Just came back from Mount Rainier National Park, Washington State, from a day trip. Mount Rainier is the tallest of the volcanic peaks in the Cascade Range. I had wanted to see what the Paradise Meadows looked like after a long spring meltout. Just last month, feet a snow still covered them. But the temperatures have quickly warmed up and the snow is quickly receding, and the springtime, subalpine wildflowers are exuberant. Yes, the springtime flowers! Lots of Glacier Lilies, Avalanche Lilies, and Western Anemones fill the subalpine meadows. I’m looking forward to seeing meadows full of beautiful, blue Lupine during the month of August, when all the summer flowers will be in full bloom.
I hiked the short trail up to Myrtle Falls, where one can view many meadows full of wildflowers. The short walk down the steep steps to the falls overlook is well worth it; otherwise, you cannot see the falls from the main trail.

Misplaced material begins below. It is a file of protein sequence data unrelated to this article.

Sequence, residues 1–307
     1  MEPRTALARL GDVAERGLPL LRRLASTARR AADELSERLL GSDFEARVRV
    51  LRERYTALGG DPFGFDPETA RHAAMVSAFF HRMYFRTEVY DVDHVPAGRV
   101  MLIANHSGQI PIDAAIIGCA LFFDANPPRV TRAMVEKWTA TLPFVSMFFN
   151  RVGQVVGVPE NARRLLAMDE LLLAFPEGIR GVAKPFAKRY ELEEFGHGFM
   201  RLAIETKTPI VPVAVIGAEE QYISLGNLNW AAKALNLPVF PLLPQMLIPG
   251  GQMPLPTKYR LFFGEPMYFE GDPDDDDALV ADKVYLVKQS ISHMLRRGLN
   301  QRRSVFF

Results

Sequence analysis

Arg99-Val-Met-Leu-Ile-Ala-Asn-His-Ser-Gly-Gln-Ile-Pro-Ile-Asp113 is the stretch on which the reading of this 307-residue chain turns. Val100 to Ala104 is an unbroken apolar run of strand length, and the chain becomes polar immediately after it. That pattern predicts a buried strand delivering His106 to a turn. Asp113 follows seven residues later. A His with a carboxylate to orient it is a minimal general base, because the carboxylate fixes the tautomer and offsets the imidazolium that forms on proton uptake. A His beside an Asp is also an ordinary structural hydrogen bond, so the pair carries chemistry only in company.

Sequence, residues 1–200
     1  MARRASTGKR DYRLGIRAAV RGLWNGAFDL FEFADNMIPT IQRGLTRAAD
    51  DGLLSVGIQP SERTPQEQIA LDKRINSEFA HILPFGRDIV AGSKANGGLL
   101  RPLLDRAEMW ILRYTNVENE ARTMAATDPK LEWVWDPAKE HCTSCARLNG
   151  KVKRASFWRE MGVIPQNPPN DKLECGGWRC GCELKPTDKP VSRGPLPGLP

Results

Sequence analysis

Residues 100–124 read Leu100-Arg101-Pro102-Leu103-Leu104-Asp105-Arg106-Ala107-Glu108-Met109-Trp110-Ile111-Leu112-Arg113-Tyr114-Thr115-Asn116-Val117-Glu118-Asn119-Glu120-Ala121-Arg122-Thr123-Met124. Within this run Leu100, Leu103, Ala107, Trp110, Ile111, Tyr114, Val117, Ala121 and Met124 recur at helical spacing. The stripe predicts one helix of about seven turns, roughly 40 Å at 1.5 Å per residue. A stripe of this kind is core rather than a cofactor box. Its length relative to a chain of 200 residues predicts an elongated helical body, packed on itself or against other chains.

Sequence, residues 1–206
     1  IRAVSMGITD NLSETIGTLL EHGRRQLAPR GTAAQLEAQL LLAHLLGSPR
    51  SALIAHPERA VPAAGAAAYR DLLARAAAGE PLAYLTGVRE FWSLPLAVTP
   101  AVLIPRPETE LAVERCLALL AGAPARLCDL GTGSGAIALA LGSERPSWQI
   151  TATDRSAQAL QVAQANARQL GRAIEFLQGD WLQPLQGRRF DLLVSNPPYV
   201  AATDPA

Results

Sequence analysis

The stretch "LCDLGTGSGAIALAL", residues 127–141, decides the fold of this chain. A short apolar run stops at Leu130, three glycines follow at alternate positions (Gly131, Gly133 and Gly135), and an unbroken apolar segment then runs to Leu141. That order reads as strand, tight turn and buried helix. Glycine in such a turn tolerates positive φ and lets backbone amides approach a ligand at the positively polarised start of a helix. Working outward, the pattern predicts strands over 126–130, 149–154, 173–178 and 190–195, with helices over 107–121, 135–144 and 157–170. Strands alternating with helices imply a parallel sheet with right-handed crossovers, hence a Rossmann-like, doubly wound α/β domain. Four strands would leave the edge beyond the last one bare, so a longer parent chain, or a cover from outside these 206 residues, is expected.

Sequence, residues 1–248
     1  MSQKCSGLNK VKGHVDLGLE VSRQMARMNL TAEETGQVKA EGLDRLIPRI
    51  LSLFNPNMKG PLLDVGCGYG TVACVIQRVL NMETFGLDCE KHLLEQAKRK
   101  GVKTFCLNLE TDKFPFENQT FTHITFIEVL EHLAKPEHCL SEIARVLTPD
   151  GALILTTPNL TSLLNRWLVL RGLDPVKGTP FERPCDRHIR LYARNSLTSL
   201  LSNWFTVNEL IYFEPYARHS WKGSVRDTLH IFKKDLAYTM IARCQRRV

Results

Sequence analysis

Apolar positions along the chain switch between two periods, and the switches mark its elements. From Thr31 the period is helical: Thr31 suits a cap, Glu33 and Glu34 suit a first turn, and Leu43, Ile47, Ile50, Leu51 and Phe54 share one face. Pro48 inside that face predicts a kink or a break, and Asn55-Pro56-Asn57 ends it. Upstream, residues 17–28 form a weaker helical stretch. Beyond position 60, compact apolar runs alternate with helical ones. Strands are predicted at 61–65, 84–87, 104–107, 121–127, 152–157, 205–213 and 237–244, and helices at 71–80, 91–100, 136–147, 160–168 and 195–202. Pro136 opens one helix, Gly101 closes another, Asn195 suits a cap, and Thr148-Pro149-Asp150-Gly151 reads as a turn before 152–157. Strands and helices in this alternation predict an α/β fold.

Here are some images of the wildflower meadows near the waterfall area. The flowers that are predominant in these meadows at this time are the yellow Glacier Lilies and white Western Anemones (Pasqueflower). White Avalanche Lilies are in abundance along the lower trails as well.
And here is one of the park’s denizens, the Hoary Marmot, feasting on meadow wildflowers.
Along the lower trails at Paradise, lovely Avalanche Lilies grow in abundance.
Another wildflower that is prominent in the Paradise Meadows is the Sitka Valerian.
Here and there, I spotted some beautiful Magenta Paintbrush.
I spotted many other common, subalpine wildflowers, such as Pink Monkeyflower, Rosy Spirea, Cusick’s Speedwell, Jeffrey’s Shooting Star, Cascade Aster, Mountain Heather, Fan-leaf Cinquefoil, Broadleaf Arnica, American Bistort, and Beargrass. There are many more, just too numerous to list.
Mount Rainier National Park has one of the greatest number of species of wildflowers found throughout the world. Come see their beauty!
All images property of Peggy A Thompson